Meanwhile, from 1st January 2011, any installation of materials in which asbestos is present will, in accordance with SOLAS regulation II-1/3-5, be prohibited, for all ships without exceptions.
National regulations and requirements
Shipbuilding and the subsequent management of ships may be an inherently international industry, but there is also a need for individuals and organisations in these sectors to comply with any relevant national legislation and guidelines.
These include – in the case of the UK – the Control of Asbestos Regulations 2012, also known as CAR 2012. This legislation imposes a “duty to manage” asbestos on those who are responsible for managing non-domestic premises.
Those who are considered a “dutyholder” under CAR 2012 are expected to fulfil certain requirements. Such requirements include taking reasonable steps to determine whether there are ACMs in the given premises, as well as putting together a plan explaining how the risks that such materials present will be managed.
Whatever you propose to do in relation to the management and/or removal of asbestos from a ship for which you are responsible, you must ensure you implement proper protocols and effective safety measures, and are not solely guided by whatever the law states.
Professional expertise and training
The IMO has stated that surveyors and inspectors tasked with investigating asbestos on ships should be trained in recognising asbestos and ACMs.
The organisation has further said that such professionals should be trained in the taking of samples, and should be instructed when to request the help of experts to carry out investigation on board ships. In addition, the IMO has said that surveyors and inspectors should be aware of the dangers of asbestos and should, in the process of carrying out their corresponding duties, take all necessary precautions.
So, what implications will all of this have for ensuring any work in relation to asbestos on board your ship is undertaken by suitably qualified people?
Well, it should certainly mean that you seek out the services of certified asbestos professionals, including if the decision is made to remove asbestos from the given vessel, instead of simply managing it in place.
It should also mean ensuring that any workers involved in the removal of asbestos from a ship for which you are responsible, have suitable and up-to-date training. There may be a need for such professionals to undertake asbestos awareness training and/or dedicated asbestos removal courses.
Risk mitigation strategies
With asbestos materials on ships taking such an exceedingly wide range of forms, and potentially greatly varying in terms of their age, condition, and risk to human health, it is crucial that you are well-informed on the asbestos situation for any vessel for which you are responsible.
This will necessitate comprehensive risk assessments and surveys prior to any decisions being made on the form any removal process takes.
Once you are well-informed on the presence and status of any ACMs in a given space on the ship, you will be able to develop suitable asbestos removal plans and strategies. Regular monitoring and air sampling during the removal process itself will further help ensure the targeted ACMs are effectively removed, as well as the safety of anyone who may otherwise be at risk.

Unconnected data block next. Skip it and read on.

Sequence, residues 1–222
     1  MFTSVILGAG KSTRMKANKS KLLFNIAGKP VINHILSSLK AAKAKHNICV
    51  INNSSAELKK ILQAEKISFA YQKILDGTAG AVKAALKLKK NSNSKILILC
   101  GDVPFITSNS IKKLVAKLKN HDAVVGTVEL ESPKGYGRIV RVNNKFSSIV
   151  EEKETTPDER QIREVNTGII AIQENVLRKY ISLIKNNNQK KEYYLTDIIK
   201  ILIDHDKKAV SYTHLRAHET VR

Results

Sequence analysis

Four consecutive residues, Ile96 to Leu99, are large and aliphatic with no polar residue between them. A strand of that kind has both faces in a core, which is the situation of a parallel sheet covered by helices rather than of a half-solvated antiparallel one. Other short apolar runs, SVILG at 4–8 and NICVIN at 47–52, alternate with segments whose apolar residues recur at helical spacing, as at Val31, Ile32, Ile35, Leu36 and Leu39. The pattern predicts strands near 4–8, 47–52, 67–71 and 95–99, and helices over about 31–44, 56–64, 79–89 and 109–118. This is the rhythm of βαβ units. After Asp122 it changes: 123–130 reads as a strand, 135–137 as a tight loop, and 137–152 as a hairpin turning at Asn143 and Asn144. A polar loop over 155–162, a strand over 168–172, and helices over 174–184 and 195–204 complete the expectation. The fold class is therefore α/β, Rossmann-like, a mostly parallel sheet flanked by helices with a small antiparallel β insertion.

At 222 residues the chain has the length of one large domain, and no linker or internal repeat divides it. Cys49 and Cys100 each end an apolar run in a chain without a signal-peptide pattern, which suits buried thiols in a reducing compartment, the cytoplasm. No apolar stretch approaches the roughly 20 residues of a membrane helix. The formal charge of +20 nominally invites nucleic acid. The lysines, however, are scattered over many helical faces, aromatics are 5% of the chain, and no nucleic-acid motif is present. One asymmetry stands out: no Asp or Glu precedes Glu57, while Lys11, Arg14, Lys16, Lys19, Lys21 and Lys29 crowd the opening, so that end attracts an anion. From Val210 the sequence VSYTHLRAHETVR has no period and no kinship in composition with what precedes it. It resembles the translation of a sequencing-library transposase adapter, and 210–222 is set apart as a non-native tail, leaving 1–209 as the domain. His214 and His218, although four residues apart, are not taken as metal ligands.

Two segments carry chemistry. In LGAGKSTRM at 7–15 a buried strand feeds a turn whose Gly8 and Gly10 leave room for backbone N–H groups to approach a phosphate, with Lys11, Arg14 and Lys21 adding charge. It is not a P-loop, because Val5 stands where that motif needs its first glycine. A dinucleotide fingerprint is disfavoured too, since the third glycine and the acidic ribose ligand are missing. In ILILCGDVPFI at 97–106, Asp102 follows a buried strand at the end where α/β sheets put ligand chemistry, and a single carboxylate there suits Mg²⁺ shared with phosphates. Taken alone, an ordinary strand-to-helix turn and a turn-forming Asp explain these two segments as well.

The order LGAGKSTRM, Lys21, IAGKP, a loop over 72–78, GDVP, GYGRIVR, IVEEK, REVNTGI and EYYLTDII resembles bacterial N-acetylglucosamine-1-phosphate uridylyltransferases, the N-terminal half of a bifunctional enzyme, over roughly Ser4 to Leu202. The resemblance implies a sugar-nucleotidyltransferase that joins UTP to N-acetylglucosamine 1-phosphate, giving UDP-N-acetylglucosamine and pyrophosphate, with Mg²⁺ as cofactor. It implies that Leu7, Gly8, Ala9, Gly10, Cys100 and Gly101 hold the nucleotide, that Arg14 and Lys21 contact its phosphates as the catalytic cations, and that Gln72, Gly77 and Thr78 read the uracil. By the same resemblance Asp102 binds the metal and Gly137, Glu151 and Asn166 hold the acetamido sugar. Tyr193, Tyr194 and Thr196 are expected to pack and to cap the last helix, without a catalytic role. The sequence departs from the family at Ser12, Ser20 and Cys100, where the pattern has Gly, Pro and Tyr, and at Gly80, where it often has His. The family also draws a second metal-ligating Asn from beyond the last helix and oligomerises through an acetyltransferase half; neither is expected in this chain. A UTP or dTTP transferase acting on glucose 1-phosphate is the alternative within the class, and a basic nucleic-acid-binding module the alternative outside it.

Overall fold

Collaboration and communication
Any easy-to-overlook factor when it comes to asbestos removal from ships, is the importance of effective communication among the various stakeholders involved in the removal process.
The network of stakeholders in any given asbestos removal operation – encompassing such figures as shipyard managers, contractors, and workers – might be even more complicated than is the case for premises on land.
So, you will need to be diligent in ensuring that every relevant party is constantly aware at any given time of the situation in relation to asbestos on a given ship. As part of this, you must also make sure everyone is informed on the decisions taken to remove any such materials.
Conclusion: are you pursuing safe and effective asbestos removal from your ships?
In the above guide, we have sought to outline the many real risks and challenges entailed in the removal of asbestos from ships. We have covered such aspects as the wide range of areas of a vessel in which asbestos might be present, as well as the regulatory picture, health and safety considerations, and the importance of effective training, communication, and collaboration.
Ultimately, anyone responsible for the management and/or removal of asbestos from a ship – such as those in the shipbuilding and/or boat management industries – must prioritise the highest standards of safety and compliance.
If you are such an industry professional, why not reach out to well-qualified asbestos experts who can help with your efforts to prioritise effective and compliant asbestos removal and mitigation? Please feel free to email us today, or call the Oracle team, to request your free asbestos quote.
Written by Jess Scott
Jess Scott has been an all-round asbestos consultant since 1996. That’s nearly 3 decades of asbestos knowledge. He spends his time sharing that knowledge with the team at Oracle and with their clients. Jess's goal is, and always has been, to use my expertise in helping people to comply with the law. This legal compliance ultimately helps to protect everyone from the harmful effects of asbestos. Jess has acted as an asbestos expert witness in legal cases and is involved in many asbestos educational activities throughout the UK.